Asian Music and Dance


Even a wet and windy evening could not deter supporters from attending Wolverhampton’s Arena Theatre for Pagrav Dance Company’s premier performance that anticipates the arrival of Spring.

Directed by Urja Desai Thakore, the show opened with Thakore sporting a red lengha, reciting lines of poetry that described the harshness and cruelty of a winter-hardened land. Even without understanding each word, which was in Hindi text, the delivery was convincing, delicately supported by cellist Nicole Collarbone.

The sedate atmosphere didn’t last long. Suddenly Akash Odedra burst onto stage like a thunderbolt breaking into the melody and charging the stage with energy. Odedra showed flair with limbs stretched and chakkars executed clockwise and anticlockwise.

Together both dancers took charge, taking elements of the kathak repertoire, tohras and tukras, and covering the stage. Thakore’s well-rounded movements were of contrast to the liquid lines of Odedra. The use of space and placement of the dancers was a reminder that Thakore has trained at Kadamb with Kumudini Lakhia, a master of architecture and line.

Odedra’s solo displayed new movements in his palette including spins on the knees, leaps with pirouettes and subtle changes of weight and gravity that conveyed the dancer’s intent to stretch the boundaries of his form.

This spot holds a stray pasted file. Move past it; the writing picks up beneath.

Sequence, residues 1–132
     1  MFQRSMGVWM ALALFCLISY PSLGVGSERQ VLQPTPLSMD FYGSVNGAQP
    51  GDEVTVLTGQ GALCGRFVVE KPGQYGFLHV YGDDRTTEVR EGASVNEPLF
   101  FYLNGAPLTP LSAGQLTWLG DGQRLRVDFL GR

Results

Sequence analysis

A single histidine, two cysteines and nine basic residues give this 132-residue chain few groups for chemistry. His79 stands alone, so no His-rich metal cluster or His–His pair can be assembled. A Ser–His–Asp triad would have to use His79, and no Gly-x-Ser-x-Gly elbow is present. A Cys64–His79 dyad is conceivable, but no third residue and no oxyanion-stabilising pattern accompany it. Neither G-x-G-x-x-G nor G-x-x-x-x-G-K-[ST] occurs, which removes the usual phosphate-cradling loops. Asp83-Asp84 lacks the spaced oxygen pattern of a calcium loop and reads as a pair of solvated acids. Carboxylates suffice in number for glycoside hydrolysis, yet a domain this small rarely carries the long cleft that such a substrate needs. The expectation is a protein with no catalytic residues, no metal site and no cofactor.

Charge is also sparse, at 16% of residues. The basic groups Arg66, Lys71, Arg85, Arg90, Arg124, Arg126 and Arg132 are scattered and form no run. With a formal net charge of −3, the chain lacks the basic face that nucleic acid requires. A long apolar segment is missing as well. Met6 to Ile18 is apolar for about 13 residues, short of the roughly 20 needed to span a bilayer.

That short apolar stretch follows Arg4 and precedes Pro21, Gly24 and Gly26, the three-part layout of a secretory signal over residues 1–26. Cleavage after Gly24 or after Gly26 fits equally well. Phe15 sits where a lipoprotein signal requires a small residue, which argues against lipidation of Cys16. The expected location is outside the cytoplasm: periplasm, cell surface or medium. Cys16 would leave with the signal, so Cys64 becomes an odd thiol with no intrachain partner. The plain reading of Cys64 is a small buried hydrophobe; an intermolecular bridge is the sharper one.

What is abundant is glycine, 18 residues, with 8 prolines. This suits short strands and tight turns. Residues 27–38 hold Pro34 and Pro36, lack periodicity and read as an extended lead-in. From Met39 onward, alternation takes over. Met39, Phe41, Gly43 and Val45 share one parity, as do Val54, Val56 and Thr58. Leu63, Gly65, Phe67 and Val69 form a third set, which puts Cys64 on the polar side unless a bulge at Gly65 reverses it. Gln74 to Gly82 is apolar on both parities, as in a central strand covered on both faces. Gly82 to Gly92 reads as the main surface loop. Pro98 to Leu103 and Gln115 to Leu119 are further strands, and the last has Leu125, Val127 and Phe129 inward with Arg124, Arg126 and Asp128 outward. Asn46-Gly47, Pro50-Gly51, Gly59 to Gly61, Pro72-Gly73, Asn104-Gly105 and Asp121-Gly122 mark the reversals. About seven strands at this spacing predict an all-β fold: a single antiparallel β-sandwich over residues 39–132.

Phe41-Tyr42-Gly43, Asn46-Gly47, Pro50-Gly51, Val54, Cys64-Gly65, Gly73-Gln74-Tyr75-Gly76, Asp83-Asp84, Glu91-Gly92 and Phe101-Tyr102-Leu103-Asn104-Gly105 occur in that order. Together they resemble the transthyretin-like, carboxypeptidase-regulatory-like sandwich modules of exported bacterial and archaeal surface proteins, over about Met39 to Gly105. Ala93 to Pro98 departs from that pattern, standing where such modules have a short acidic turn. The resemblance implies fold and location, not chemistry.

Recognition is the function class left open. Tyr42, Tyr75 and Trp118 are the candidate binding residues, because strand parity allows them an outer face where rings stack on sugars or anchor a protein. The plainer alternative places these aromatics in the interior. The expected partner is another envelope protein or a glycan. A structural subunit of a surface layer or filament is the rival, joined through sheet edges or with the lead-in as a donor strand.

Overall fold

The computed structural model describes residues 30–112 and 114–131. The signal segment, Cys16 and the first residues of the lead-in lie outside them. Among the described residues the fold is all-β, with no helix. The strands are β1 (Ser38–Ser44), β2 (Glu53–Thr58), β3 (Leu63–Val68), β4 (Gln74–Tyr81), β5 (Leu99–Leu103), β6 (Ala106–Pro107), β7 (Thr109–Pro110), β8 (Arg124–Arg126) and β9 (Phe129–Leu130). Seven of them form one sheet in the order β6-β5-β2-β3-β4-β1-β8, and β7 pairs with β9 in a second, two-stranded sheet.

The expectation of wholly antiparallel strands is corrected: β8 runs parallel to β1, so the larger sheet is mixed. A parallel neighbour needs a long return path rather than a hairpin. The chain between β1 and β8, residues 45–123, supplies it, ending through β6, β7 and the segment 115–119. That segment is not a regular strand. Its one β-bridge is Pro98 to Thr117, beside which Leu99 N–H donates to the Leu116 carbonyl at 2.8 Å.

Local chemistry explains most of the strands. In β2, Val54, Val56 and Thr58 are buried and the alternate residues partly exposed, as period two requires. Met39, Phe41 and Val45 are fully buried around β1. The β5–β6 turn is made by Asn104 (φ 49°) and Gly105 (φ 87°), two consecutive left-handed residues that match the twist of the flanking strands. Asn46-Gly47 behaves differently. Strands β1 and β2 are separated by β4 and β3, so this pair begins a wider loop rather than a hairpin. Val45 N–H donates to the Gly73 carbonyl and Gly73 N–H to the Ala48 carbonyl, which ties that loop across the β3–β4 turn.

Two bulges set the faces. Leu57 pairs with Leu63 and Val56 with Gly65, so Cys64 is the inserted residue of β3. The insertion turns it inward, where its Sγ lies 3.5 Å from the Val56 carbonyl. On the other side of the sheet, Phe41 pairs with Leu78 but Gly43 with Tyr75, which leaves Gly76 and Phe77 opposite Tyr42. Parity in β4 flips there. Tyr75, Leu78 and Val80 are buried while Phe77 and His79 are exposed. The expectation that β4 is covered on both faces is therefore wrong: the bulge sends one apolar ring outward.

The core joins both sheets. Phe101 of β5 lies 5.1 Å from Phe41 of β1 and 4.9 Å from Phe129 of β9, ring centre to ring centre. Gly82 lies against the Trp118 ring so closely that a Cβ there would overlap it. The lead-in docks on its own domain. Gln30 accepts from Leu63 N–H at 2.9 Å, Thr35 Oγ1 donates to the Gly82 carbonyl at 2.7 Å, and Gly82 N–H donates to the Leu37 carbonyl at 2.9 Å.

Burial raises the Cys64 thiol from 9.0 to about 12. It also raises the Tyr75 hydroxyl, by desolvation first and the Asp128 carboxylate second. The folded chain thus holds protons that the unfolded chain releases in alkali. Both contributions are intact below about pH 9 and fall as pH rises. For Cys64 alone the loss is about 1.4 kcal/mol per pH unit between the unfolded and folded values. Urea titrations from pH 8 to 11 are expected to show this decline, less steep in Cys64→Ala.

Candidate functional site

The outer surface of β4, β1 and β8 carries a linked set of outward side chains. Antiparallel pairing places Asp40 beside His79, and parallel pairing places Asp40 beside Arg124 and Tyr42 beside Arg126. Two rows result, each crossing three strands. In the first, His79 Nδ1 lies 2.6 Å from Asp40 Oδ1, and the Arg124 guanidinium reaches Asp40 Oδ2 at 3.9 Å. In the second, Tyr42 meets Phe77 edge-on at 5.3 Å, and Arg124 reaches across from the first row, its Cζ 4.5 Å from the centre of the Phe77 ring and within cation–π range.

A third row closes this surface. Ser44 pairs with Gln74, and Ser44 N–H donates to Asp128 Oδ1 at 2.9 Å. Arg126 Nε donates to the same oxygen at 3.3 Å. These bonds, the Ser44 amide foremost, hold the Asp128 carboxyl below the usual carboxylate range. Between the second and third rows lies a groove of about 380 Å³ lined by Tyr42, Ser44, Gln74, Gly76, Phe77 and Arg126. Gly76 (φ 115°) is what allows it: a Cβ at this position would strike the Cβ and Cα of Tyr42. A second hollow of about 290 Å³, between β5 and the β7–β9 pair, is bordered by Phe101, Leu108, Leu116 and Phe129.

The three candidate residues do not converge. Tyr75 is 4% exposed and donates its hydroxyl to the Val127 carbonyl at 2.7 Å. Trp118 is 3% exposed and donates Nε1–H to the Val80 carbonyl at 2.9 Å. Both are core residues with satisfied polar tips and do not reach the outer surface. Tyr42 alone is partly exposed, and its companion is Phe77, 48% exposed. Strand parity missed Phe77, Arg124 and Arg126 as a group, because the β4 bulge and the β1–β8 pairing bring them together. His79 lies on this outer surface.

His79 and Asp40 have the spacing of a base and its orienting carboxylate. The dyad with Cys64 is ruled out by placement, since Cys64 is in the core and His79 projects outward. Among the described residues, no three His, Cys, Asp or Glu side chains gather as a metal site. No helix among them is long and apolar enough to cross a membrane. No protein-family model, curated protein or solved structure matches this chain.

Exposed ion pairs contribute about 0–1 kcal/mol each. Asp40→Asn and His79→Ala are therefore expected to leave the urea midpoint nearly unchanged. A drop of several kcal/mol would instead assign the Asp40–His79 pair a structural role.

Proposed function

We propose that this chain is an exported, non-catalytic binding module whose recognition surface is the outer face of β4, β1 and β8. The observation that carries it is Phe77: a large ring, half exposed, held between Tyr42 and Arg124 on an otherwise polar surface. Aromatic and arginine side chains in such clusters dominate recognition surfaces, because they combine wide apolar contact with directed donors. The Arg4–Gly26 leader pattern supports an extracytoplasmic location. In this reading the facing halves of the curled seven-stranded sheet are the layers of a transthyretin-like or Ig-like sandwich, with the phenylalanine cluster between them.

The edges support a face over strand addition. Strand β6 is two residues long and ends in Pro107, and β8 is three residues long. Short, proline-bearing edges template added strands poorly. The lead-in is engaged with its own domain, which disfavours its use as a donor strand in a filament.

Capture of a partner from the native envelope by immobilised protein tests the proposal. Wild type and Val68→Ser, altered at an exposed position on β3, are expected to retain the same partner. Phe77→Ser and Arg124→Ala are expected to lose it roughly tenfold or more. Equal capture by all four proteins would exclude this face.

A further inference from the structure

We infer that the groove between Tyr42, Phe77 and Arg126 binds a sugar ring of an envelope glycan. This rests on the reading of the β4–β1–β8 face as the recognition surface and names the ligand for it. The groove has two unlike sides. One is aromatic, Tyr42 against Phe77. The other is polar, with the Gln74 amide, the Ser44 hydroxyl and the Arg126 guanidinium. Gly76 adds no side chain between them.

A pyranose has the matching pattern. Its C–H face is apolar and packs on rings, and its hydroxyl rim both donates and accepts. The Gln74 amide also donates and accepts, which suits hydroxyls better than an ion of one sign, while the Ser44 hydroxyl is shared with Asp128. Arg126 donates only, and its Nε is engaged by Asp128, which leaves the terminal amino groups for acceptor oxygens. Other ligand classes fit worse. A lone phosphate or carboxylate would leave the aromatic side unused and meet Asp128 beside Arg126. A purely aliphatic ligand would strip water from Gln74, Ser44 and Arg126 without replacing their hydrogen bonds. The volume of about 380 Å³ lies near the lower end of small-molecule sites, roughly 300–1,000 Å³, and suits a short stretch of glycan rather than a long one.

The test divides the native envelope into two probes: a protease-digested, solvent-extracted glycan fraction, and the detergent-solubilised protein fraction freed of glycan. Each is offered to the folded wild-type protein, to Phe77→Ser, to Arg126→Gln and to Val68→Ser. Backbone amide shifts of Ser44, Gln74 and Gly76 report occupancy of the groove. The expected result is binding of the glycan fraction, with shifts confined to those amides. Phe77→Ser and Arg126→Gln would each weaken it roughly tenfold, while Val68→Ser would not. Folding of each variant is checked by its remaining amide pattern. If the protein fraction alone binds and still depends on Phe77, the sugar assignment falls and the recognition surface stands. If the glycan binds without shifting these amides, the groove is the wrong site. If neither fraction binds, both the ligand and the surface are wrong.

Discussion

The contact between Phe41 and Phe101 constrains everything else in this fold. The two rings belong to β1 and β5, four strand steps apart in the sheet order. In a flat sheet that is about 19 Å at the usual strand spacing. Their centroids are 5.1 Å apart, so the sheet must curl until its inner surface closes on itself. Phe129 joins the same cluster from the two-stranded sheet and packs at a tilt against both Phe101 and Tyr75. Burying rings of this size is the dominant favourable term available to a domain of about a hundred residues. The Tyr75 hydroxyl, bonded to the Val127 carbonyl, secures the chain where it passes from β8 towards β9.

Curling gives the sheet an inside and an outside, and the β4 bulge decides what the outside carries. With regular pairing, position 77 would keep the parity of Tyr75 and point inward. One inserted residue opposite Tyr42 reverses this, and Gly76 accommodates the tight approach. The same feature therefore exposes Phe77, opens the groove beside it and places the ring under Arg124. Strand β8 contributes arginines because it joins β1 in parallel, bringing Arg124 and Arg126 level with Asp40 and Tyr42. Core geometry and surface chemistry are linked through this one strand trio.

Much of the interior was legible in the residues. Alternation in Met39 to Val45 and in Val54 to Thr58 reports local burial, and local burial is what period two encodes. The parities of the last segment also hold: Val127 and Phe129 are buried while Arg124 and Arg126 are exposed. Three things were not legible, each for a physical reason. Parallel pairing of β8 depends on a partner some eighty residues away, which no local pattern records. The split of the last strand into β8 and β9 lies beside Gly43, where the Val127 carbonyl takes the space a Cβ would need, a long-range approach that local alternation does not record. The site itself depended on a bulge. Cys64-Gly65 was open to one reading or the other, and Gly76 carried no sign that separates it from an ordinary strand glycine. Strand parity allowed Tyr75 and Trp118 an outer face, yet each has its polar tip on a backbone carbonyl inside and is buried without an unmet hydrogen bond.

The second of the three sections saw Spring (dressed in yellow and performed by Ashwini Kalsekar) engage in a battle with Winter. Kalsekar is technically proficient but lacks the sparkling, darting quality that reflects the spirit of its season. It was only when performing solo that she was able to find her own personality, otherwise paling in the shadow of the other dancers.

The evocation of Spring in the vocal rendition of alap made the audience hunger for more, but it felt as though composer and vocalist Jatanil Banerjee was holding back. His orchestra, comprising of Hiren Chate on tabla, Soumik Datta on sarod, and Nicole Collarbone on cello, provided a competent musical and sound score for Baharan but it still felt as though parts of the soundtrack had been left unexplored. The extended description of the breaking of Spring, where the lehra (the musical refrain which marks the sixteen-beat cycle) dominates, makes the music rather dull in the middle section.  Would it have been possible for instance to be brave and throw the lehra to the wind? Or, to use silence or a single instrument?

Urja Thakore has established herself as a dancer who has depth of knowledge of her form. Thakore’s lines have clarity and there is grace and softness in the wrists, arms and upper torso.  Her expression has compassion and humanity, which gives her the aura of mother earth as befits her role in the piece. Hiren Chate’s tabla playing is finely nuanced and supportive of the dancer. 

The concluding tarana with all three dancers is well choreographed with an entrancing musical composition that brings the performance to a satisfying close. Pagrav has made a pleasing start with Baharan but some careful rework can only raise its temperature further.



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